FIGS. 5 and 5A provide a schematic diagram of adder circuit 23. It includes a first half adder 33 and a second half adder 35. Each adder is the type known in the art with the summation being performed on an Abit that is part of the partial product and a Bbit, which is also part of the partial product from the partial product summation tree 7. Each adder has four outputs labeled SO, S1, CO, and C1. SO is a logic one when the summation result of the data on the Aterminal and the Bterminal is a logic zero for the list significant bit (LSB). S1 is a logic one when the summation result is a logic one for the LSB. CO is a logic one when the carry out or most significant bit (MSB) of the summation is a logic zero and C1 is a logic one when the carry out is a logic one. The first adders 33 provide for output signals denoted as SO, S1, CO and C1. SO and S1 leave the block as S01 and S00 and are applied to the AND gates 51 and multiplexers 53, as shown in FIGS. 4 through 4D. CO and C1 are used to control the select lines for both the first mux 37 and second mux 39. First and second mux 37 and 39 are of conventional construction and are best seen in FIG. 5. In response to the select lines, the first mux 37 will multiplex the second adder outputs S0 and S1 to the two output lines, S10 and S11. Similarly, the CO and C1 as outputs C11 and C10, respectively.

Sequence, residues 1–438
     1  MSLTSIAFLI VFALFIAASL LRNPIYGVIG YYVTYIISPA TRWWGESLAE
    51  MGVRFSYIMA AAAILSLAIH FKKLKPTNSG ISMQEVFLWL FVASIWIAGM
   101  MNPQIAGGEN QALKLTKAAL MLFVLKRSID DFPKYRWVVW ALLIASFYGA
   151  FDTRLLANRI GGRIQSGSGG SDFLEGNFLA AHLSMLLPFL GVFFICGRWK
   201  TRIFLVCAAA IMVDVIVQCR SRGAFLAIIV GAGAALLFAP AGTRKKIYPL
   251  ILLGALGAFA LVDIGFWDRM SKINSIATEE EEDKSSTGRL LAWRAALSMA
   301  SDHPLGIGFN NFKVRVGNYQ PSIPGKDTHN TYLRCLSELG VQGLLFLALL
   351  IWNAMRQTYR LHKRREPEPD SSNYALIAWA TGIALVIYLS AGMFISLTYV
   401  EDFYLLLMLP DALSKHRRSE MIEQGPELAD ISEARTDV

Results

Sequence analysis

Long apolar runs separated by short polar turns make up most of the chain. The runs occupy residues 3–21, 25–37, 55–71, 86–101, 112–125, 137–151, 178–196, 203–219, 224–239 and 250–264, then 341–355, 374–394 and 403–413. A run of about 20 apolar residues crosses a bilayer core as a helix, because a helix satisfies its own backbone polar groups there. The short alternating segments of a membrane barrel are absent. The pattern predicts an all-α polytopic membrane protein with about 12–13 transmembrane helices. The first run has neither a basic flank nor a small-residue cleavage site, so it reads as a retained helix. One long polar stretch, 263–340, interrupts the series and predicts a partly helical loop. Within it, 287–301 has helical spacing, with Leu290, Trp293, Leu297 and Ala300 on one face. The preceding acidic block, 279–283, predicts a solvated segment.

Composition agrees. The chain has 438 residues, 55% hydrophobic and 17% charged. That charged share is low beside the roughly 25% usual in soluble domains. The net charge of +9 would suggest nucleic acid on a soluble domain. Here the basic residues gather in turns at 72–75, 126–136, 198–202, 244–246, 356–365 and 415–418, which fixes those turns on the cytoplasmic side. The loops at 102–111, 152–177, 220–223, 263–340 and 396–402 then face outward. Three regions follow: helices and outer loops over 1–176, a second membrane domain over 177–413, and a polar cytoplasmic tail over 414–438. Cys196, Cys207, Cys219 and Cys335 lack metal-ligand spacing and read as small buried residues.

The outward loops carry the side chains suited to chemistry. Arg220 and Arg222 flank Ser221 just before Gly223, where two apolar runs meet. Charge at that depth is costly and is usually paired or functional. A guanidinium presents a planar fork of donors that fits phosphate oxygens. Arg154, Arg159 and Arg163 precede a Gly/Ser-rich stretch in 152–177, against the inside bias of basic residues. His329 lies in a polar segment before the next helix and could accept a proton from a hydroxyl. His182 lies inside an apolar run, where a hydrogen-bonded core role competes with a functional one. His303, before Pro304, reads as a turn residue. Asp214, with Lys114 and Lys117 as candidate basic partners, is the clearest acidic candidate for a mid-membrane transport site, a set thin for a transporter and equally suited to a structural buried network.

As shown in FIG. 5, Vi_minus1 representing the number of the bit slice and S0 from first adder 33 are inputted into an exclusive NOR (XNOR) gate 45. Inputted into a second exclusive NOR (XNOR) gate 47 are the results of the OR gate 46 receiving inputs S0 and C0 from first adder 33, and output S0 from second adder 35. The results from XNOR gates 45 and 47 are then inputted to OR gates 49 with the results being signal Zi. The output Vi_plus1 results from the signals S0 and C0 from second adder 25 being passed through OR gate 50.
As can be seen, each block 23 provides the add function of two A and B bits, and performs the zero detect for the two A and B bits associated with its location in the adder. Thus, blocks 23 associated with the LSB and MSB segments of the Adder 13 of FIGS. 4 through 4D provide the outputs that are applied to the AND gate and multiplexer tree of Adder 13.
Although there appears to be an inconsistency in the apparatus shown in FIG. 5 with the apparatus shown in FIG. 2 in that OR gate 71 in FIG. 2 and OR gates 46 and 50 in FIG. 5 should have the same function as relating to a_{k }and b_{k}. In FIG. 5, the inputs to the OR gates 46 and 50, respectively, come from s0 and c0 while in FIG. 2, the inputs to OR gate 71 are directly to a_{k }and b_{k}. Since outputs s0 and c0 from blocks 33 and 35 are inputted to OR gates 46 and 50, respectively, the equation at the output of OR gate 46 is (a_{k }XOR b_{k}) OR (a_{k }AND b_{k}), which can be reduced to a_{k }OR b_{k}, and the equation at the output of OR gate 50 is (a_{k+1 }XOR b_{k+1}) OR (a_{k+1 }AND b_{k+1}), which can be reduced to a_{k+1 }OR b_{k+1}. Thus, the apparatus shown in FIG. 5 is consistent with the apparatus shown in FIG. 2.